It is likewise apparent from an examination of the characteristics of FIG. 9 that in a charged droplet scrubber of either of the low energy types described above and constructed in accordance with the principles disclosed herein, it is not necessary to employ very high relative velocities between droplets and particles to be collected to achieve highly efficient operation and collection.
As will be understood by those skilled in the art, other factors beside individual droplet impact collection efficiency affect the collection of particles in scrubbers of all types, and among the most important of which is the area swept by the water droplets. The area swept, for a given volume flow of water, is proportional to the distance the droplet travels relative to the gas stream and is inversely proportional to the diameter of the water droplet or
where V is the volume of gas swept by the water droplets, Vw is the volume of water, L is the mean path length of the water droplets and D is the droplet diameter.
In the case of conventional venturi scrubbers, the attainment of large values of L is incompatible with the use of small values of the droplet diameter D, as heretofore discussed. Of equal disadvantage, proposed prior art charged droplet scrubbers, which necessarily use similar quantities of water to conventional scrubbers are subject to severe size limitations resulting from the high space charges attendant high concentrations of highly charged droplets, and which largely negate electrostatic benefit anf negatively impact the overall performance of the system.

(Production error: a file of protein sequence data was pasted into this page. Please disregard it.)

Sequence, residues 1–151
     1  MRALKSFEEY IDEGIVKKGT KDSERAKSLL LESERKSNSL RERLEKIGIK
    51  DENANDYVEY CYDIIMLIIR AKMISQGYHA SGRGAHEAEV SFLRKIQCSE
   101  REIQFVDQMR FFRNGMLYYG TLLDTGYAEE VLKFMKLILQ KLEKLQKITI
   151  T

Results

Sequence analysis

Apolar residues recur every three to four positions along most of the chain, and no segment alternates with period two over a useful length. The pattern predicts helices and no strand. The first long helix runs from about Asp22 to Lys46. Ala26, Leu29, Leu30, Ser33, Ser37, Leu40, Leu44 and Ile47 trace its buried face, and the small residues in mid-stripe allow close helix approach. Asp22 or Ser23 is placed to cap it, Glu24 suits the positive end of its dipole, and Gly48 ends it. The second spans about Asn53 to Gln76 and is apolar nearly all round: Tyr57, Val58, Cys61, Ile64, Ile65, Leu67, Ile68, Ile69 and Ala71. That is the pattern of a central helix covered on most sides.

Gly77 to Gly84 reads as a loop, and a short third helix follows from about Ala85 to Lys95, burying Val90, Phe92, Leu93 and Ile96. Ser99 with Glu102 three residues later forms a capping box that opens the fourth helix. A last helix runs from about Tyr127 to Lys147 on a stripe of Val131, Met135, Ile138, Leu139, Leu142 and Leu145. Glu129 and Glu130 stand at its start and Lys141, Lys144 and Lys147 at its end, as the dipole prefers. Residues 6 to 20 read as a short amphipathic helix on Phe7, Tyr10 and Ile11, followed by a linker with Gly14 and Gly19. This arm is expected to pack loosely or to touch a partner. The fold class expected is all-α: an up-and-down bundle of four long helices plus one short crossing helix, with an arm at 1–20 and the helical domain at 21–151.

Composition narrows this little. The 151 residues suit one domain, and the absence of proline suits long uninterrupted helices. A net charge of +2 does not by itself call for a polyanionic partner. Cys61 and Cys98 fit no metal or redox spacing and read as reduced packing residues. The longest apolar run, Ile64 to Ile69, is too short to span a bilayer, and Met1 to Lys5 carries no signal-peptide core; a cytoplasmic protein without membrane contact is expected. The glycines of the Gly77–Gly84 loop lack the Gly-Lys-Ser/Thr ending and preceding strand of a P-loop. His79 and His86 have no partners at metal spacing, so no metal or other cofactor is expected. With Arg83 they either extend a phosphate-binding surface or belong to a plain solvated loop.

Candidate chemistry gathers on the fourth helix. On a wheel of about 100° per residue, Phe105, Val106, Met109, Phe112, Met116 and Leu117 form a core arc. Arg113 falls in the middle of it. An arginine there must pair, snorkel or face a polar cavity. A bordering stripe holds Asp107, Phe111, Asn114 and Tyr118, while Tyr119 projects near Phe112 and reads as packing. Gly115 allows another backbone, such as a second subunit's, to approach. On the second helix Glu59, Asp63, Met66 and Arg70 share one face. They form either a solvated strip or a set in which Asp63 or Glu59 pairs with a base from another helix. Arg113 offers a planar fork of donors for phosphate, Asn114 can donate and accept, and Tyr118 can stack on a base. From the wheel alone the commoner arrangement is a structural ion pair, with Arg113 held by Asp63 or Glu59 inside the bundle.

In the practice of the herein disclosed method, in both of the described low energy embodiments, not only are large volumes of water not necessary but such use will impair overall efficiency of the system. For example, conventional venturi and conventional low energy scrubbers typically operate with a water flow rate up to and occasionally exceeding a cubic meter of water for each 1000 cubic meters of particulate bearing gas being treated. A charged droplet scrubber of the type disclosed herein and exemplarily constructed and operated with hereinafter set forth operating parameters will yield equal or even better collection performance than a conventional venturi or low energy scrubber, while employing a water consumption that is on the order of one tenth this level. By way of example, suitable small charged droplet low energy scrubbers constructed in accordance with the principles of this invention illustratively operate in accord with the following parameters: